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China forex regulator tightens controls to stem capital outflows, sources say

Reuters  |  SHANGHAI/HONG KONG 

SHANGHAI/(Reuters) - is stepping up measures to stem capital outflows after the yuan currency skidded to more than eight-year lows, sources said on Tuesday, taking aim at outbound investments that have soared to a record high.

The State Administration of Foreign Exchange (SAFE) has begun vetting transfers abroad worth $5 million or more and is stepping up scrutiny of major outbound deals, including those with prior approval, sources with knowledge of the new rules told Reuters.

Capital outflows through both legal and illegal channels have added pressure on the yuan. The Chinese currency has depreciated nearly 6 percent against a strong dollar so far this year and many traders are betting on further losses, raising the spectre of more capital flight.

The new rules would apply to transfers abroad under the capital account for transactions such as portfolio or foreign direct investment, and could knock some momentum from China's overseas asset shopping spree, analysts say.

Chinese outbound investment deals totalled $530.9 billion in the first nine months of 2016, surpassing 2015's record volume and helping outstrip the United States as the top acquirer for foreign companies, according to Thomson Reuters data.

"The new rules will have a very big impact on outbound deals," said Luke Zhang, a partner at Zhong Lun Law Firm, who expects the number of deals to go down "quite a lot".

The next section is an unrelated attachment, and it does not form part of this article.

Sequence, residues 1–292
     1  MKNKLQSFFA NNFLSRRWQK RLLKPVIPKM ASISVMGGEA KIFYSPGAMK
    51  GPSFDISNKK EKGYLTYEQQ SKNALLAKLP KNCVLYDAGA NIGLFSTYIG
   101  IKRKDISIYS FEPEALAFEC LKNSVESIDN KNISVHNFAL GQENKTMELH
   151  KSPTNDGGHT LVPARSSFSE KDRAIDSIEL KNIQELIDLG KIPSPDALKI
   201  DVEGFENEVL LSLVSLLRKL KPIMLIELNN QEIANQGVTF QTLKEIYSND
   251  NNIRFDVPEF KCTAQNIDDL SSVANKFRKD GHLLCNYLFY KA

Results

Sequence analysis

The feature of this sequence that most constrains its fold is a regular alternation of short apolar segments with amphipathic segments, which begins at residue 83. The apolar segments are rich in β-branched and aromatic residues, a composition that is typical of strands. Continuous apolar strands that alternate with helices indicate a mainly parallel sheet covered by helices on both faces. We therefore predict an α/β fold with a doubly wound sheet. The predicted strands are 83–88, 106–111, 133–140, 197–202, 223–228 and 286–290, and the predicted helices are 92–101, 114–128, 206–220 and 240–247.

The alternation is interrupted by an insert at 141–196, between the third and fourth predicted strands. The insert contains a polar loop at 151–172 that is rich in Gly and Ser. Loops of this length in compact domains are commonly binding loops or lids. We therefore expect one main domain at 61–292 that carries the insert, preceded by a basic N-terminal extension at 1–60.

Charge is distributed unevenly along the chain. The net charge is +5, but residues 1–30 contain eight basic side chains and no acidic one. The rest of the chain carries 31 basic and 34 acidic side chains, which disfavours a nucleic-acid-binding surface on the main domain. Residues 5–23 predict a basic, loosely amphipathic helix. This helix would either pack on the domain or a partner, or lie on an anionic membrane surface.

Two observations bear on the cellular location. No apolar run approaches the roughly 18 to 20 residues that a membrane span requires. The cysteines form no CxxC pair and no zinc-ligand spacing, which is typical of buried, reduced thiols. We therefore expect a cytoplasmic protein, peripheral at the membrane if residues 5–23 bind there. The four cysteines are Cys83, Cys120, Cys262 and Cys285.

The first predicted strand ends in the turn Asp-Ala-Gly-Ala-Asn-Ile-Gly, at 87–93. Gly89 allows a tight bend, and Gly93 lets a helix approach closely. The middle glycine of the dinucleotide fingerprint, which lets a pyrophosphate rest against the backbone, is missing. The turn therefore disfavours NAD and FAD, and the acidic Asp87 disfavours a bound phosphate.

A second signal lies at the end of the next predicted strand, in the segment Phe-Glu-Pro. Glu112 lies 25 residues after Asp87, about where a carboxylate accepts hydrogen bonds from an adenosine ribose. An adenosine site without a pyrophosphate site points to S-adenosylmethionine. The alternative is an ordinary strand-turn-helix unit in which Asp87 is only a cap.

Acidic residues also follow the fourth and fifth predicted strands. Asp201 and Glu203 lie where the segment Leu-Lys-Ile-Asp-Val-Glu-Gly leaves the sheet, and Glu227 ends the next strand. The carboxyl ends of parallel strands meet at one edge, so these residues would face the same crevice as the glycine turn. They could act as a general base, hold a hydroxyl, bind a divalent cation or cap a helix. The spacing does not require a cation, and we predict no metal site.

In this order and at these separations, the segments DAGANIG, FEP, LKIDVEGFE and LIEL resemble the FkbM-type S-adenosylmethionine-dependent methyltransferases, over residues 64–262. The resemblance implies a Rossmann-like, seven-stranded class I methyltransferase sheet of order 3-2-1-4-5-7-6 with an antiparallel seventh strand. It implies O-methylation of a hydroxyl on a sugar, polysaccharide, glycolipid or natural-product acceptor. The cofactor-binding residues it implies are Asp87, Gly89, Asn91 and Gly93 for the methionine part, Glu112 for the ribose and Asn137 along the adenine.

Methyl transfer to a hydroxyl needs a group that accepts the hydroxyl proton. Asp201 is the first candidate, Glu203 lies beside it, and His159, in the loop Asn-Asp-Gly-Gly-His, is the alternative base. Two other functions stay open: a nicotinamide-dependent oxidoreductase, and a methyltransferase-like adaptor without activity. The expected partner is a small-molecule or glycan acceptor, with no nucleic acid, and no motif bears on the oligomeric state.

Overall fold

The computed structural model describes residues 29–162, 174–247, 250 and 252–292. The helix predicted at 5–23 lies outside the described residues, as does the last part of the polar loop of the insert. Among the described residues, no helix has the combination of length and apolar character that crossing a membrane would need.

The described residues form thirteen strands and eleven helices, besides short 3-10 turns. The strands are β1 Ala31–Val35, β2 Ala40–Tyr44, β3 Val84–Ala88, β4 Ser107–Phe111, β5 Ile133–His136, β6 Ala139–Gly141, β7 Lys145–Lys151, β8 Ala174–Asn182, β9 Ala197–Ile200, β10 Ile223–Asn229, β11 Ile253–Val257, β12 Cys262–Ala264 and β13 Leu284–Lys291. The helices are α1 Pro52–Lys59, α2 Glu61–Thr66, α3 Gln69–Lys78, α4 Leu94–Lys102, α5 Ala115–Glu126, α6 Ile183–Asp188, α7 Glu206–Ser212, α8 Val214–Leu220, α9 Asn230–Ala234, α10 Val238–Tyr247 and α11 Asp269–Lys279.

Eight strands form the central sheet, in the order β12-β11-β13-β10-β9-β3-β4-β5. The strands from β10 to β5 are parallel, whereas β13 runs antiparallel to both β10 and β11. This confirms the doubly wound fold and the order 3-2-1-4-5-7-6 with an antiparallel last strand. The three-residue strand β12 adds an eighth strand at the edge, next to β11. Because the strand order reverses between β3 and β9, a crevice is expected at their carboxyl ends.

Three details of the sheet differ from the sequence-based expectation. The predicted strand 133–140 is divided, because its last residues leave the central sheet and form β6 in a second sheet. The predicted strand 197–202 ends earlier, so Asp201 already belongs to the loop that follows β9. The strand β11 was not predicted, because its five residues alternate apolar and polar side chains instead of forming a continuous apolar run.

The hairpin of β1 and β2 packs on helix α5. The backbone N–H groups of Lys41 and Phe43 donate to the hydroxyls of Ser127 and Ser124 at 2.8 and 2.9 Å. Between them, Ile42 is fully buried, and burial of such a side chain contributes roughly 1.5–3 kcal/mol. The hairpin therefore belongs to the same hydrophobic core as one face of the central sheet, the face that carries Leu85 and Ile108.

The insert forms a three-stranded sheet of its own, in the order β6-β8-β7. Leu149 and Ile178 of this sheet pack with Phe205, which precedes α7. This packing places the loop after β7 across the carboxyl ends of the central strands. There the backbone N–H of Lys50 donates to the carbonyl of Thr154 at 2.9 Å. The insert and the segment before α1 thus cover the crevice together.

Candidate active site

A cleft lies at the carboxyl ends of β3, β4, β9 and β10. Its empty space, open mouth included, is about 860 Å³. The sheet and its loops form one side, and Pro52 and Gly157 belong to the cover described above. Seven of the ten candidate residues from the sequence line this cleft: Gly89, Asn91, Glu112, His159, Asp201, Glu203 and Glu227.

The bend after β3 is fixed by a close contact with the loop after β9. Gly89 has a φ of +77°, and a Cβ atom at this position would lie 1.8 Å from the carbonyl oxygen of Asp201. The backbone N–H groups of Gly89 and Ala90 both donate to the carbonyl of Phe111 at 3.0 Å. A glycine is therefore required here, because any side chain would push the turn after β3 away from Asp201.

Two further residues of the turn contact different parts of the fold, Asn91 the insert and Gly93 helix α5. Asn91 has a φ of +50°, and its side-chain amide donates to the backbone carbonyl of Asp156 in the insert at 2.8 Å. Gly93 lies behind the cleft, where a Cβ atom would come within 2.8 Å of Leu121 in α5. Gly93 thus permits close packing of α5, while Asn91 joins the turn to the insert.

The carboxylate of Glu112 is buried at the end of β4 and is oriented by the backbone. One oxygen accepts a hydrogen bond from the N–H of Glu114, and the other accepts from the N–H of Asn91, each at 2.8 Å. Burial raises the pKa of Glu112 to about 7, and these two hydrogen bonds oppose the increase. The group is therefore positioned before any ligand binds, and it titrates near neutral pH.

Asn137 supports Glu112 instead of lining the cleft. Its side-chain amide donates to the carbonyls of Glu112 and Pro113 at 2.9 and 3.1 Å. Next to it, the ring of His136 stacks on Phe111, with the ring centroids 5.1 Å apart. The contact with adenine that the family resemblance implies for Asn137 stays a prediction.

SAFE did not respond to a Reuters request for comment.

"Previously, only transfers worth $50 million or more needed to be reported to SAFE. Now, the threshold has been drastically lowered to $5 million, and covers both foreign currency and yuan," said one of the sources with direct knowledge of the rules.

"All we can do is to ask clients to be patient, and tell them that the transaction is being vetted by SAFE for authenticity and may not be approved."

One of the sources said that even if an outbound investment had already obtained approval to buy foreign exchange, but the money had not been fully transferred, the remainder of the quota was now subject to further approval if it exceeds $50 million, which is regarded as a "large sum".

Two other sources confirmed the new rules.

The sources said the regulator told banks about the new rules on Monday, the same day the government said it would stick to its "going out" strategy of encouraging outbound investment.

DEFENDING THE YUAN